A permitted agricultural burn that got out of control is the main reason smoke that is lingering in the Sacramento region, said Jenny Tan, spokeswoman for the Yolo-Solano Air Quality Management District.
“We are doing an active investigation right now,” Tan said Wednesday. “We did approve an ag burn but the farmer did lose control of the burn, and so that’s what sent all of that smoke into the Sacramento Valley.”
The district has personnel on the scene investigating the burn, which occurred Tuesday in the Clarksburg area, west of the Freeport Bridge.
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“The fire is out but continues to smolder and emit smoke. The smoke will linger through the day and should hopefully disperse with the aid of the Delta breeze,” said a district news release issued Wednesday morning.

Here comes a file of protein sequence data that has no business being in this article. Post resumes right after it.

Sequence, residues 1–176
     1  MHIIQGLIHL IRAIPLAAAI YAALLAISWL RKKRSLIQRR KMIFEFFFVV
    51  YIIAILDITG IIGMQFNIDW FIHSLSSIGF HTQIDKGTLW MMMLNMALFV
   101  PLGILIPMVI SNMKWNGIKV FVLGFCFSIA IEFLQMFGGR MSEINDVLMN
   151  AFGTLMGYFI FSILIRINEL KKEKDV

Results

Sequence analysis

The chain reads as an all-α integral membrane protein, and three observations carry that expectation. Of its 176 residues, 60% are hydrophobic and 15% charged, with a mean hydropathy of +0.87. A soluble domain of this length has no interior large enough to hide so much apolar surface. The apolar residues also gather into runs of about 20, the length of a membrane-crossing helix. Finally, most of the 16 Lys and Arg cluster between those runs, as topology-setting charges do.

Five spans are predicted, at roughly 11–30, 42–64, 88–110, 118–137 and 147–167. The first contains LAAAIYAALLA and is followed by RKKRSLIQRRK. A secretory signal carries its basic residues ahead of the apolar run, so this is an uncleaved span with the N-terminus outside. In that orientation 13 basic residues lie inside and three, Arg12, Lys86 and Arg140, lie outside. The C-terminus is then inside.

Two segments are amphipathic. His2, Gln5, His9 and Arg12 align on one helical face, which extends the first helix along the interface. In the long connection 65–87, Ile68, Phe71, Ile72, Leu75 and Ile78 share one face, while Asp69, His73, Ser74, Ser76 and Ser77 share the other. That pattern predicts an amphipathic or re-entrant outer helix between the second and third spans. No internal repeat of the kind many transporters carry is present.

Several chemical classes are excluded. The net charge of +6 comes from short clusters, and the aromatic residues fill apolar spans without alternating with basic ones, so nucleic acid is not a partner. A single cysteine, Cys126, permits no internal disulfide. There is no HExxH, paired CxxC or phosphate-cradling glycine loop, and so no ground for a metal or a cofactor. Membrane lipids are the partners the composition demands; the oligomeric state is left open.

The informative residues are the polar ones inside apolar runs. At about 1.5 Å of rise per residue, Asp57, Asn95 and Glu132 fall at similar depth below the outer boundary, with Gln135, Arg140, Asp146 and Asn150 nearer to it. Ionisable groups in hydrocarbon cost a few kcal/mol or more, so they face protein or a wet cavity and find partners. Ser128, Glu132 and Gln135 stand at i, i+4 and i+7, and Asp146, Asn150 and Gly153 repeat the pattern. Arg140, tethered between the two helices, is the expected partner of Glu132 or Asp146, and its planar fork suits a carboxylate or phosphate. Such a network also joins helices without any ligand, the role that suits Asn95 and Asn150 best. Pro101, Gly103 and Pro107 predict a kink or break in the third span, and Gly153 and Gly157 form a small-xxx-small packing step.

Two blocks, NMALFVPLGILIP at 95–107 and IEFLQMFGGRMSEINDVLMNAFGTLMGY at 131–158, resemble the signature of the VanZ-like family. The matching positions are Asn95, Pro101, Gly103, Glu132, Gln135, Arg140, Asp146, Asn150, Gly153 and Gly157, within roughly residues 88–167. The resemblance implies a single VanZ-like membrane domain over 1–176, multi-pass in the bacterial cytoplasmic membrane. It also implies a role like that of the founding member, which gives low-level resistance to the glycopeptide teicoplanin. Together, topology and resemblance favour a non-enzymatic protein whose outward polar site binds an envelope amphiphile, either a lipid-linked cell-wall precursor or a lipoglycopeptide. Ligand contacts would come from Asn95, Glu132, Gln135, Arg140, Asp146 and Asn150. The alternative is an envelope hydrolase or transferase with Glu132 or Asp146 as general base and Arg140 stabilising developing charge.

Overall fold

“I know that there was a smell to the smoke … once that burned and got out of control it started burning other things other than what he was intended to burn,” Tan said.
District officials have advised area residents to stay indoors and limit exposure to the smoke.
Craig Shoemaker, a National Weather Service spokesman, said fires in California and elsewhere have contributed to the Sacramento area’s smoky air.
“There are other fires around that are contributing to the smoke that we’ve had in the valley here. There are fires that are ongoing up in Oregon and that kind of drift down the valley at night,” Shoemaker said.
The Sacramento Metropolitan Air Quality Management District reported that Wednesday’s air quality forecast for the Sacramento region was 115 AQI, unhealthy for sensitive groups.